There are all these qualities that get wrapped up in the idea of being a boss in our culture, but you don’t have to be an executive or a founder to actually bring those qualities to the workplace. And when I say that, I don’t mean brick and mortar. I mean, wherever it is that you work, whether it’s at, in a home office, in a restaurant, in a corporation, whatever it is. 

Bringing those qualities with you every day and holding yourself accountable for showing up with them and engaging with other people, with that spirit of innovation and interest and purpose. That is what’s going to prepare all of us for the future of work. And that’s what it means to work like a boss.” 

The Role of Emotional Intelligence

Later in the episode, Jenn and Nancy discuss the role of emotional intelligence at work. Nancy shares that people can feel lost within a large organization and think there is not much just one person can do to make an impact. 

However, thinking like a boss means being aware of the microcultures you are part of. She shares that you have significant influence over your team, your department, and your close colleagues. 

Nancy explains, saying, “I think that’s important, and you can be the champion. You can show up with this desire to shift energy. So I think emotional intelligence is when you recognize you have to have boundaries around what you can control. But this right here, this immediate space that I exist in, and these people that I interact with every day, I can have frank conversations with them about how I experience this team.

So we can share some positivity. We’re gonna check in about challenging things that are happening so we can understand what you’re going through, what I’m going through, and also see how we might be able to help each other and then move into the agenda, having celebrated something, having aligned with each other, but moving into the agenda with an action mindset, you know, an action-oriented mindset. 

Maybe that’s something we agree to, but I think first and foremost, you know, emotional intelligence shows up when you work to cultivate authentic relationships with your teammates, whereby you can have difficult conversations that are solution-oriented and work toward that solution together.”

Learning to Thrive at Work

Next, they discuss how people learn (or don’t learn) to thrive at work. Nancy shares, “I often say, you know, we put so much emphasis on higher education in this country, and yet we don’t teach people how to thrive at work, how to show up with the right energy.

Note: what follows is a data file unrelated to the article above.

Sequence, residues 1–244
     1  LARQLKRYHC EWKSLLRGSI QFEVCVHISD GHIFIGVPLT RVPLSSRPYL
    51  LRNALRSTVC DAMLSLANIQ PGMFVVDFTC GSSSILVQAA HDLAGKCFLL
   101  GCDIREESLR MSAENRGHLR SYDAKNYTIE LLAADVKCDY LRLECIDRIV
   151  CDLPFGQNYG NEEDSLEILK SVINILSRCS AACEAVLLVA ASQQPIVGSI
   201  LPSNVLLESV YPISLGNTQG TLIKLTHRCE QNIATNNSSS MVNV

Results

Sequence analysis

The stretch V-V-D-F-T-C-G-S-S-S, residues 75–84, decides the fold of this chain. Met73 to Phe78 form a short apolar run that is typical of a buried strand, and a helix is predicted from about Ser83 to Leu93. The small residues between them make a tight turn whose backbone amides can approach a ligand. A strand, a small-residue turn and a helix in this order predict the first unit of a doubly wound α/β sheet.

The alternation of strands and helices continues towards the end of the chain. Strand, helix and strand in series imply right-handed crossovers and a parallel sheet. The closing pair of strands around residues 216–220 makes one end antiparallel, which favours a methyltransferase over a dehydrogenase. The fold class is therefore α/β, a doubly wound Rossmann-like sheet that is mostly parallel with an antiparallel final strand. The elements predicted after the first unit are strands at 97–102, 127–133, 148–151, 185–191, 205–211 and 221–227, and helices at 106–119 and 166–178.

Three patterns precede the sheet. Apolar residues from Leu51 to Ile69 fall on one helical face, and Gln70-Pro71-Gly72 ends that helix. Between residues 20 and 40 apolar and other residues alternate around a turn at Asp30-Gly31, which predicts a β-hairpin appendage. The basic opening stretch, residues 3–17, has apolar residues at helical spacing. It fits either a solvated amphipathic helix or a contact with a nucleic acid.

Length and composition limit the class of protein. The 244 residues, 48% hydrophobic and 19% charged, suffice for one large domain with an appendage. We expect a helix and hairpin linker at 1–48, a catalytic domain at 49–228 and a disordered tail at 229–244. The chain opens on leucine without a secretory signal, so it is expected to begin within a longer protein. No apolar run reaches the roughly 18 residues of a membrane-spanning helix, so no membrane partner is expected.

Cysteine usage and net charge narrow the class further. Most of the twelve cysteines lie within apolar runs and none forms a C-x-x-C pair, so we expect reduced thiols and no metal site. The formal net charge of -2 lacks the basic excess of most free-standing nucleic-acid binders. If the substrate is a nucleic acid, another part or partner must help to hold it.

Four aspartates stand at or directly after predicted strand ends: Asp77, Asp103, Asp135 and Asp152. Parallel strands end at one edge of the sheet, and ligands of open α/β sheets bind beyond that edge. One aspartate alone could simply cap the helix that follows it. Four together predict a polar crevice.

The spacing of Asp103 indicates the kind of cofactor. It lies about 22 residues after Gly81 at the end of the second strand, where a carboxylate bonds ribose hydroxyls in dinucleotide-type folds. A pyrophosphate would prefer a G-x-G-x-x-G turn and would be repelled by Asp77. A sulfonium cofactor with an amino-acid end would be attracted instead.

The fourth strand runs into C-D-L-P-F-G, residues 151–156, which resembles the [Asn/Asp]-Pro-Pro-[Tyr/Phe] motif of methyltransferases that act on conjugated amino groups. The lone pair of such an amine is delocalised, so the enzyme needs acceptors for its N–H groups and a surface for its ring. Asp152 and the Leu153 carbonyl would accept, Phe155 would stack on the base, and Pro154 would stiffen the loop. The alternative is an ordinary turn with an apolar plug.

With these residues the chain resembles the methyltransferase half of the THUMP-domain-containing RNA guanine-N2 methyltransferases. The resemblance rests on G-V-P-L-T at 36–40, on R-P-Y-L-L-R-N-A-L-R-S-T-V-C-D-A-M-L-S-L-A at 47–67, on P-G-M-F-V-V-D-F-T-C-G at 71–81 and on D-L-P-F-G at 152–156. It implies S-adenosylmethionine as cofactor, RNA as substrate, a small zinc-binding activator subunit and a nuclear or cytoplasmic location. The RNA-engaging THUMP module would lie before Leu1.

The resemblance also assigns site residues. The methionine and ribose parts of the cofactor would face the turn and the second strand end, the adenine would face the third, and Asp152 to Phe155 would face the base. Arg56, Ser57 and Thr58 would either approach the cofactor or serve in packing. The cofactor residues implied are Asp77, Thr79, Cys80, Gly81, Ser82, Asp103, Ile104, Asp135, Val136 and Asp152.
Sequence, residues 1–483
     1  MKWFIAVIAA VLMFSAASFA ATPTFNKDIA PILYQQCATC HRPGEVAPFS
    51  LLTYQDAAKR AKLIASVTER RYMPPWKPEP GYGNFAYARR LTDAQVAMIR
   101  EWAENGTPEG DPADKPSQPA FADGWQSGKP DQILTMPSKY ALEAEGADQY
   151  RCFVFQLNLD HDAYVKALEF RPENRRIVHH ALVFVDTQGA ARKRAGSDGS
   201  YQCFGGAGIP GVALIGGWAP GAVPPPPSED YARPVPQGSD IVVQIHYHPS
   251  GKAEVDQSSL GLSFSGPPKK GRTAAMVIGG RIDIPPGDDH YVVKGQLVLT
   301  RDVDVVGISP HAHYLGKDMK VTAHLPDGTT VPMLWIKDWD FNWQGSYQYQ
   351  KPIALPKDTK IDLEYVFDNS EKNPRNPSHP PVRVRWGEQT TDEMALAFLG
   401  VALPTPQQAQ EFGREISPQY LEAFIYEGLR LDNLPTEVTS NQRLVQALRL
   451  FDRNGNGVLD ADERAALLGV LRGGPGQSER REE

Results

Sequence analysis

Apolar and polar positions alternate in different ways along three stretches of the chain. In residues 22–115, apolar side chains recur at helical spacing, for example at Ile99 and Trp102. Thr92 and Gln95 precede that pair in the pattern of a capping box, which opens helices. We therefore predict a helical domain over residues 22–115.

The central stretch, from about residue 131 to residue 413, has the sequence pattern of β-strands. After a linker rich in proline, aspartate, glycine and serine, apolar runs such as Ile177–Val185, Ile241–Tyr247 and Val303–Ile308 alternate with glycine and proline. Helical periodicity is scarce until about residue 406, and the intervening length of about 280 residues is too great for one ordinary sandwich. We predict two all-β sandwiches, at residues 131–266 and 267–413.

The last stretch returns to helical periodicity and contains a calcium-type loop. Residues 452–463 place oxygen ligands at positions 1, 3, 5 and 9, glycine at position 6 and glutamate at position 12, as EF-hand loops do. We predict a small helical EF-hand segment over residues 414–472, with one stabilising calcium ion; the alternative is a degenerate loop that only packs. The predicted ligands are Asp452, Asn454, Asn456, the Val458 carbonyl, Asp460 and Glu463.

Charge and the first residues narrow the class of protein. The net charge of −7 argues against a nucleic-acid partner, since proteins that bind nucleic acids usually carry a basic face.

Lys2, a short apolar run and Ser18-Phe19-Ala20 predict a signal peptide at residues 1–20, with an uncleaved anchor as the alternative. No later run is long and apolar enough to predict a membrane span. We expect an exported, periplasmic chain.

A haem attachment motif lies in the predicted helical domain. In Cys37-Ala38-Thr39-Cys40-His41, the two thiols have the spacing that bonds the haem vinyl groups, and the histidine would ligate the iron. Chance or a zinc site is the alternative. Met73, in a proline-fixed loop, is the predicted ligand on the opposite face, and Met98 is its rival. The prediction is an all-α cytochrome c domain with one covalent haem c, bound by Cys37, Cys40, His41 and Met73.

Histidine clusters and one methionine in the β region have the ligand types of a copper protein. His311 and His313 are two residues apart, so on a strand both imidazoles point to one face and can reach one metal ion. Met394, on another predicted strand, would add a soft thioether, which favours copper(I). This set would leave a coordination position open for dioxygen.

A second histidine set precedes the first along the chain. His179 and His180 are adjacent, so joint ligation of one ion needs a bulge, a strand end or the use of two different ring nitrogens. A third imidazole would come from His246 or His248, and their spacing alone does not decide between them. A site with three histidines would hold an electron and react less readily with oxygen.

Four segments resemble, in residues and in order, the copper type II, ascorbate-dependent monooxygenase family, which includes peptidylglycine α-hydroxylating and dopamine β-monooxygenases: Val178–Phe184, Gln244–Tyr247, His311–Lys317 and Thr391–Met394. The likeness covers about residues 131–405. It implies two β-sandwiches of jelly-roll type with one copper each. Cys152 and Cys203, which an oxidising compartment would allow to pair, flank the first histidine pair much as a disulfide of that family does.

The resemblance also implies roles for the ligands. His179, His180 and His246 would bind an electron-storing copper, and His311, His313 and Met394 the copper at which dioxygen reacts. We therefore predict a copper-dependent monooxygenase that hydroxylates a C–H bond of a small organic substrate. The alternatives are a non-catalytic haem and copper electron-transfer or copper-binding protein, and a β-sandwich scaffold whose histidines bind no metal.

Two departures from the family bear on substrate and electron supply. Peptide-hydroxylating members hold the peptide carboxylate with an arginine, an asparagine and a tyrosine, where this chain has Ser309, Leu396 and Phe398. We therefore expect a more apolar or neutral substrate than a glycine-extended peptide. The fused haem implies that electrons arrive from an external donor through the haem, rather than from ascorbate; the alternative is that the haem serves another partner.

We teach ’em how to get papers in on time, but mostly we teach ’em how to shut up, sit down, get in line, do what they’re told, do you know, get an a because there’s only one right answer be perfect because there’s only one way to deliver, right? 

And then we throw ’em into the workplace, which is like a giant melting pot of experimentation and failure. And we don’t understand why they immediately clam up. And, you know, only some of them will succeed. And it’s because we raise young people in a certain way of thinking, and then work requires a totally different set of tools.”

Nancy believes that a lack of professional development on the front end creates issues. She explains, “And so people kind of move through the workplace with fear, sort of guiding how they show up. They’re afraid of conflict. So feedback is a tough thing to give and receive. You know, we take things personally, so feedback is really rough to receive. We’re afraid of what others will think of us. We don’t wanna look dumb. We don’t wanna look like we don’t know what we’re doing. You know, those things are why most humans resist change. I don’t wanna try that. I don’t even know what I’m doing. I’m not gonna do that in front of people. Why would I do that? I’m not gonna do it.” 

She goes on to say, “So fear actually prevents us from working like a boss! And we believe that there are people like you or maybe me, oh, you must not be afraid of anything! Knowing you for the 10 minutes that I’ve known you through the 30 minutes cumulatively. I bet you’re not afraid of anything. That would be my assumption. 

The truth is we know better. Of course, you have fear. Of course, I have fear. We’ve just learned how to operate with it, how to move through it, right? Nobody is fearless, but we can all learn how to fear LESS.”

Where to Find More From Nancy Lyons

Nancy shares so many more insights than we could include in this post, so be sure to check out the full episode on your favorite podcast streaming service! If you would like to learn more about Nancy and her work, here is where you can find more: